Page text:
Compliments are meant to lift us up and make us feel good inside. But does criticism also have a place in our lives?
Whether we realize it or not, people are constantly saying negative things about us, either to us or behind our backs. My son had a bad experience last week at recess when a boy was picking on him. He was getting in his face and telling him what an awful basketball player he was. He was mean and condescending. It hurt Casey’s feelings. When he told me about it, he said he knew what the boy said wasn’t true, but I heard a tinge of doubt in his voice.
So, how do we know if a disapproving comment made to us about our skills, talents, character, etc., is true? How do we know if we should take it to heart, or change, or give up?
I think the easiest way to know is to follow the “WHO WHAT WHEN WHERE WHY HOW” method. I exclude small children from this method because pretty much anything they say is done without a filter, and the good, bad, even the ugly, is usually true, much to our embarrassment and dismay. (You know you are thinking of a time and nodding.)
WHO is the one making the comments about you? Is it someone who knows you well, someone who cares about you, someone who you trust, or is it someone who generally doesn’t speak to you or get along with you?
Now, sometimes the WHO is tricky, because even the people who are supposed to love and care about us the most can say things that aren’t true.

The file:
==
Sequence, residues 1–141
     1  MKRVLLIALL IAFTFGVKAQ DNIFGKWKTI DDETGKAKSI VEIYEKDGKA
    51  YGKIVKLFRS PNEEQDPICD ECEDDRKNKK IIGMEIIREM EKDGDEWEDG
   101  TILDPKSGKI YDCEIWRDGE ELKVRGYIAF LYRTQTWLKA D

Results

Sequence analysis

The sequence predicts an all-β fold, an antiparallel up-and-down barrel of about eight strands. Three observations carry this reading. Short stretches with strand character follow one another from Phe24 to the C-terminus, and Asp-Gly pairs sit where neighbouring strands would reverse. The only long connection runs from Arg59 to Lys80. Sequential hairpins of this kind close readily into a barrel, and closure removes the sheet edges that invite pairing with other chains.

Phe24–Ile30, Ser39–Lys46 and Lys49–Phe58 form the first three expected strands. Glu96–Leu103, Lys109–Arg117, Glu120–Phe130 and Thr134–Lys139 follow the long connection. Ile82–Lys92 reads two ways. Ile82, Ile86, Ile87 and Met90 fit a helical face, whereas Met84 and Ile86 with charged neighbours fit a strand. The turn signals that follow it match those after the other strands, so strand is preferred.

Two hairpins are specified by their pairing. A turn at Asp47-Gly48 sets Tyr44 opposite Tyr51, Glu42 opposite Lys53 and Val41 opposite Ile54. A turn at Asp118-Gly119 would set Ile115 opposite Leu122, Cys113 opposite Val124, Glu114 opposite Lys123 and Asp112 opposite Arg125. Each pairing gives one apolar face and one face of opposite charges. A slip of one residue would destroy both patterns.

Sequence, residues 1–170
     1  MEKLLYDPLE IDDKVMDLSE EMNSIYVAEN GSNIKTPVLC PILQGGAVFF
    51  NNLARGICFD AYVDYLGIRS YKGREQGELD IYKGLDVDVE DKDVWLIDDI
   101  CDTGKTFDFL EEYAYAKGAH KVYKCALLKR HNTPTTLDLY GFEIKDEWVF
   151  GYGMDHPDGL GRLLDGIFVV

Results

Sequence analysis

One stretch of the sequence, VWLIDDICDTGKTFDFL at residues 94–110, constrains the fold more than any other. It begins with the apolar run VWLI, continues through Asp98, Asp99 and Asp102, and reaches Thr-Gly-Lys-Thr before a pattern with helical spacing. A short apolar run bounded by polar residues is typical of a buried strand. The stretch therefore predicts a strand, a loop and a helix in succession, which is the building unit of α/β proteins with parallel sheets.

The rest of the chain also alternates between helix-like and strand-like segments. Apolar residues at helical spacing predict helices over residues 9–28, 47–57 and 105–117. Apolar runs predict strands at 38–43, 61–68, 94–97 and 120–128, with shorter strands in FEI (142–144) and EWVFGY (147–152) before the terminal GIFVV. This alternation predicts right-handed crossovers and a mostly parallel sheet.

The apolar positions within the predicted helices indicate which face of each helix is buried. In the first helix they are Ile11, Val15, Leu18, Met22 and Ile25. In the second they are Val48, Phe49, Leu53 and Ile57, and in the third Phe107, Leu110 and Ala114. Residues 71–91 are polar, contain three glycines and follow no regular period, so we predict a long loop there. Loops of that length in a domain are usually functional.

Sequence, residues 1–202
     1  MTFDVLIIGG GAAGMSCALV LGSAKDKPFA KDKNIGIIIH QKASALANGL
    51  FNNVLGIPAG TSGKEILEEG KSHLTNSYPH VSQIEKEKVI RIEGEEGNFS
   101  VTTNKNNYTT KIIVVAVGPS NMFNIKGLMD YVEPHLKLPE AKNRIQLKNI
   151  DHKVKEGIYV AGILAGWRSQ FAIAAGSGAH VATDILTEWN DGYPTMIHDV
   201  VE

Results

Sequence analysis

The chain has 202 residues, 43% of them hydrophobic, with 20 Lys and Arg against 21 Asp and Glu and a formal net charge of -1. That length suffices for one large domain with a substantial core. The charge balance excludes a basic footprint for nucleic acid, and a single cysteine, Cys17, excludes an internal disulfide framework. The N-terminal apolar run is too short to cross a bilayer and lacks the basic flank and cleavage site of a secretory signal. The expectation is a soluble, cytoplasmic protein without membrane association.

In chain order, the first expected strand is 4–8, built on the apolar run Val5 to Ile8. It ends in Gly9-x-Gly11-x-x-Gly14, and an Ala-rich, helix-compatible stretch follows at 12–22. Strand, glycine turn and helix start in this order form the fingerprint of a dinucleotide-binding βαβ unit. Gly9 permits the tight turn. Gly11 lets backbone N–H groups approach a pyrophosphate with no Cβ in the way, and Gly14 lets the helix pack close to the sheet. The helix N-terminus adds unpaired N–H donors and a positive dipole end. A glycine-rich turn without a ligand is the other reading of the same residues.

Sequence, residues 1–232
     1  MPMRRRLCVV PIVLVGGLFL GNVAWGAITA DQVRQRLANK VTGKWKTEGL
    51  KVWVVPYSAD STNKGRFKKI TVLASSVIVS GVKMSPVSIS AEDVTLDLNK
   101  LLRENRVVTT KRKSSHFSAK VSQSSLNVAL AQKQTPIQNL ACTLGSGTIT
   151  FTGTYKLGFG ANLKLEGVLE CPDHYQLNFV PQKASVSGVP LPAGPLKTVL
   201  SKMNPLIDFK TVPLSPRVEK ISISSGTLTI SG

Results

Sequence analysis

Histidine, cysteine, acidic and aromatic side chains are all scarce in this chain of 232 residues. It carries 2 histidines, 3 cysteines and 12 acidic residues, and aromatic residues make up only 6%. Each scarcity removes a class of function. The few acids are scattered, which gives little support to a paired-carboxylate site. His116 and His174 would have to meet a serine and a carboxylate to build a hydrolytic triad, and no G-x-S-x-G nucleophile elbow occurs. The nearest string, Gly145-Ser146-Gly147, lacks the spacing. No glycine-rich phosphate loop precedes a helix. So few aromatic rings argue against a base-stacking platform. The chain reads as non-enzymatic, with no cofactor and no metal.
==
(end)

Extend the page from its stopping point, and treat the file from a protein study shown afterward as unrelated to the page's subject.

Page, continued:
Another important thing to consider is WHO else has said these things about you? Was it just this person, or are there others? Has anyone told you the opposite, and do you trust that person? In my son’s basketball situation, two of his close friends comforted Casey by saying that they thought his basketball playing had readily improved over the year, and that he does a great job.
WHAT is the person saying? Is the person using words like always and never? Is he using words that belittle or uplift? Is he saying things that you already know or suspect are true, or things you have never thought about before?
The WHAT is also tricky, because when under extreme stress, sadness, etc., sometimes even the kindest people say hurtful things. Additionally, sometimes we are unaware of our own downfalls, weaknesses, and bad habits. Let’s keep thinking.
WHEN is the person talking to you? Is it during a fight, or is it when you are speaking calmly to each other? Knowing the WHEN can help you determine if what the person said was rational, or just based on heightened emotions.
Also, think about how many times a person has said the same thing to you. Oftentimes, especially if someone we love says something multiple times in different occasions, there is truth to it. In those cases, even though the first couple times the person said it, he may have said it calmly, don’t be surprised if that calm becomes irritation or anger.
WHERE are you when the person says these comments? Are you in public where everyone can hear, or are you in private where discretion is appropriate? Sincere compliments are often quite appropriate to be said in public settings, but criticism is normally best said in private. So, thinking of the WHERE can help you determine if the person is trying to help you or hurt you.